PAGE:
Attorney Sam Aguiar for Breonna Taylor’s family have filed a lawsuit directly against the Louisville Metro Police Department, alleging that several officers involved in the fatal raid may have lied about the existence of body camera footage.

In the complaint, Aguiar said that he has not received any data from the assigned body cameras worn by the police and no responses to his request either. He wants a judge to order the LMPD to release it. 

Taylor’s story mirrors similar incidents that have happened (and continue to happen) across the U.S. The 26-year-old was fatally shot by police on March 13, 2020, after officers executed a no-knock warrant at her apartment as part of a narcotics investigation. Despite there being no drugs or weapons inside the home, officers opened fire after Taylor’s boyfriend, Kenneth Walker, fired a single shot toward the door believing it was an intruder.

Breonna Taylor’s death sparked nationwide protests and calls for action that still continue today. 

Her family settled with the city for $12 million.

Three officers—Jonathan Mattingly, Brett Hankison, and Myles Cosgrove—were directly involved in Taylor’s death, according to police. Hankison was fired by the department in June of last year, and was charged with three counts of wanton endangerment for bullets that went into a neighboring apartment.

He has pleaded not guilty and a trial is set for next year.

The LMPD said it had fired Cosgrove and another officer, Joshua Jaynes, but collectively, none of the officers involved in the death of Breonna Taylor have been charged.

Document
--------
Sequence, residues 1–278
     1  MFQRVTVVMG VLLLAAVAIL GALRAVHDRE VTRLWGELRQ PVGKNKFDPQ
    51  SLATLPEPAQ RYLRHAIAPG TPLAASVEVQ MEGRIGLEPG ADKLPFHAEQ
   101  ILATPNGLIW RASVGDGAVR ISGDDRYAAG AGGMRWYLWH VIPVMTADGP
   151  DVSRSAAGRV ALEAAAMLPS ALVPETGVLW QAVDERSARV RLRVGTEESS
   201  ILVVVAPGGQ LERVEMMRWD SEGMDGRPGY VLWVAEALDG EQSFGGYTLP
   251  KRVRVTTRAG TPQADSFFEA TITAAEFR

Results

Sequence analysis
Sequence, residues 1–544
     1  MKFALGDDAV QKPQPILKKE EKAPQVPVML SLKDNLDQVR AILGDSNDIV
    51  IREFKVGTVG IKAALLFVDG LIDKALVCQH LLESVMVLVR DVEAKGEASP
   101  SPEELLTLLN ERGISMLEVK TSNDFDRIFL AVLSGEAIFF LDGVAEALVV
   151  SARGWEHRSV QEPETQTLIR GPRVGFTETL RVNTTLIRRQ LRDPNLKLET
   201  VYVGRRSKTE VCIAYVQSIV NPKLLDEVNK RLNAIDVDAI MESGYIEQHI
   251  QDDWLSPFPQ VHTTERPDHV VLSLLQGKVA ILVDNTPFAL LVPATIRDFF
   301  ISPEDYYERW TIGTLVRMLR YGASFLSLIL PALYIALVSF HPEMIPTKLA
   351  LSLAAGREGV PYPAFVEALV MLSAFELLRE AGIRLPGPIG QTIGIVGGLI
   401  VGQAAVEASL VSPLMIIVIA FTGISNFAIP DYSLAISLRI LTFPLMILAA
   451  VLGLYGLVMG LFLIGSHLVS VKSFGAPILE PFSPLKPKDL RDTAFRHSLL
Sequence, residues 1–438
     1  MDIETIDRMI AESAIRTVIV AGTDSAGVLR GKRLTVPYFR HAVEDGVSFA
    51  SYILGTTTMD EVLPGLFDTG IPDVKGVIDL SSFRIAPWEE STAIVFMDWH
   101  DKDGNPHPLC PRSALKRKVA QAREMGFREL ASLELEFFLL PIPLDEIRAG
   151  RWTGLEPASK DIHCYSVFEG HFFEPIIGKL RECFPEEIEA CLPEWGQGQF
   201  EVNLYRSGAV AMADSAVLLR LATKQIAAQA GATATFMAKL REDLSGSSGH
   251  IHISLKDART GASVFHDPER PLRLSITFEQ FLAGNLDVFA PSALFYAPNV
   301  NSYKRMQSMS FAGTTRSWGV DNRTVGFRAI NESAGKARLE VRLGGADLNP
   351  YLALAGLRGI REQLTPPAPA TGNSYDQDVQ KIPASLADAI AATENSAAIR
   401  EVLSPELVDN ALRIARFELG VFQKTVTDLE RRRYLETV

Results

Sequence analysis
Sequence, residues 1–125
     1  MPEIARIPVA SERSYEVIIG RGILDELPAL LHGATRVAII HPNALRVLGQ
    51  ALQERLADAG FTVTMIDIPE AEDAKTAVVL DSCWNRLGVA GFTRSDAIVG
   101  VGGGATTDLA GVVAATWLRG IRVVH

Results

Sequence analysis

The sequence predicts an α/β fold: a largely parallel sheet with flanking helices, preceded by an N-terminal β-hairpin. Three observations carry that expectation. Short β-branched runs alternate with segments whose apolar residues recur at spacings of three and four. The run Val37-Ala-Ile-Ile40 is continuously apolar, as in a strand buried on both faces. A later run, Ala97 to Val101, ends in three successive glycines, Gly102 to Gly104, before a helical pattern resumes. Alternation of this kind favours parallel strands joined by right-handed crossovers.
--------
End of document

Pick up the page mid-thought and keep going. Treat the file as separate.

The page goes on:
An attorney for Jaynes, who was accused of lying on the application seeking the warrant for the raid, said his client would appeal to a city board that reviews police terminations. 

Mattingly retired from the department in June.

Aguiar wrote in the lawsuit that many Louisville officers “recorded their law enforcement activities on their body cameras.” It went on to say Cosgrove, Mattingly, Hankison and two other officers involved had body cameras assigned to them prior to the raid.

Cameras can either be activated manually or automatically activated when the light bars of a police vehicle are turned on. According to the filing, many of the police vehicles at Taylor’s home the night of the raid had their light bars on, including Cosgrove’s unmarked cruiser. “Simply put, it would have been difficult for most of the LMPD members with body cameras and who were associated with … events at Breonna’s … to not have had their Axon body cameras activated at one point or another,” it read.

“The plaintiffs, and the public, have an uncompromised right to know whether undisclosed body camera footage exists, or otherwise previously existed, from LMPD Axon Cameras which relates to the events surrounding the death of Breonna Taylor,” the lawsuit said.

Police have previously said that the shooting was not captured on video because some officers with the criminal interdiction division, which executed the warrant, do not wear body cameras. Cosgrove, however, was pictured wearing a body camera harness the night of the raid, but said there was no device in it. 

The LMPD declined to comment on the Taylor family lawsuit, sharing via a spokesperson in a statement Friday, July 9, “Although we appreciate the opportunity, LMPD does not comment on pending litigation.